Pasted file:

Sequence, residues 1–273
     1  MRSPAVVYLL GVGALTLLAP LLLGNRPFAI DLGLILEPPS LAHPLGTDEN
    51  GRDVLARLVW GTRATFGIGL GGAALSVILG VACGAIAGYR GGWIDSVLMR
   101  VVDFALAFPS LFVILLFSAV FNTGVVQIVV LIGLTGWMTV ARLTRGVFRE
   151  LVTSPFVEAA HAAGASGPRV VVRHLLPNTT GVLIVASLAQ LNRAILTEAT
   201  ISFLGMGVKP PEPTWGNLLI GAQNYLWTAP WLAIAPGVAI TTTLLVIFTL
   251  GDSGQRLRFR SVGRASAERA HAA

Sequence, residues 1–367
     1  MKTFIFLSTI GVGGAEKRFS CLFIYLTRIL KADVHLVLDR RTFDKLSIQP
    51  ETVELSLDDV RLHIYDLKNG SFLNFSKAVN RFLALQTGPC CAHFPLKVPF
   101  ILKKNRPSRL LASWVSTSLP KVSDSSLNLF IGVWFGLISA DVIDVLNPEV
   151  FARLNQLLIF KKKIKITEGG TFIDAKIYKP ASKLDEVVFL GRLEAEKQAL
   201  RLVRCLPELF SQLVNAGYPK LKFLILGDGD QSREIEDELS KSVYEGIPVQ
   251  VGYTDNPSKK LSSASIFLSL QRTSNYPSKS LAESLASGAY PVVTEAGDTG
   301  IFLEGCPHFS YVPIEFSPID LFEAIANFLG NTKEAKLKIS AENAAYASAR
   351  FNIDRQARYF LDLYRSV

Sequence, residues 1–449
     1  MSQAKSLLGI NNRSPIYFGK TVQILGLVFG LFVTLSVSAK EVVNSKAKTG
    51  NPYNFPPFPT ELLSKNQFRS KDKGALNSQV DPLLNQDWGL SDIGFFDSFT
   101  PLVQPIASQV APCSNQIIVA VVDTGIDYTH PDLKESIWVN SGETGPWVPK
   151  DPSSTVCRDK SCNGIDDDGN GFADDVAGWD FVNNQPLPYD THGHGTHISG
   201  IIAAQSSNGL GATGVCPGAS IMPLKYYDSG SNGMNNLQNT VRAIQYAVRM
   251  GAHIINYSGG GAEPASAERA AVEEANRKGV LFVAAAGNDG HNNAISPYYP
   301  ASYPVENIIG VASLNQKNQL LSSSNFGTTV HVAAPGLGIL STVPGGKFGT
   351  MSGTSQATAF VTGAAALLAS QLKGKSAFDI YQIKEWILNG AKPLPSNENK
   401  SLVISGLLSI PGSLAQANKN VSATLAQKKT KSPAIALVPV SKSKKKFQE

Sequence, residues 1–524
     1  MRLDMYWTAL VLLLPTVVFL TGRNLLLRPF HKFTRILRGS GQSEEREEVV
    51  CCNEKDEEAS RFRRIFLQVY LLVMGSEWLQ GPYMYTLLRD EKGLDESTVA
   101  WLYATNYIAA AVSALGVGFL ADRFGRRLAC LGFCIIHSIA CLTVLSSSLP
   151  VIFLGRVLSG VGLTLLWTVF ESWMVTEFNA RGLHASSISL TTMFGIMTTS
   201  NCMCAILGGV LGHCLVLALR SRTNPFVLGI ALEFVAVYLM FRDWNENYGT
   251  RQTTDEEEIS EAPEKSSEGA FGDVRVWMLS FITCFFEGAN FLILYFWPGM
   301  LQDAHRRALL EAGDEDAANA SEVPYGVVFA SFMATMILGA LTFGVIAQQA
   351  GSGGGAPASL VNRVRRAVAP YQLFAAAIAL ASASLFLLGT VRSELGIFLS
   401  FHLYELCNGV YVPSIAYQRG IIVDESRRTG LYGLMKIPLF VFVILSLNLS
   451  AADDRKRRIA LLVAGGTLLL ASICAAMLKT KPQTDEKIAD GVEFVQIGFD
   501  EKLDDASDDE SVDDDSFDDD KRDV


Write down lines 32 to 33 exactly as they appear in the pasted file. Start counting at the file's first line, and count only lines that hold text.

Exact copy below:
   201  NCMCAILGGV LGHCLVLALR SRTNPFVLGI ALEFVAVYLM FRDWNENYGT
   251  RQTTDEEEIS EAPEKSSEGA FGDVRVWMLS FITCFFEGAN FLILYFWPGM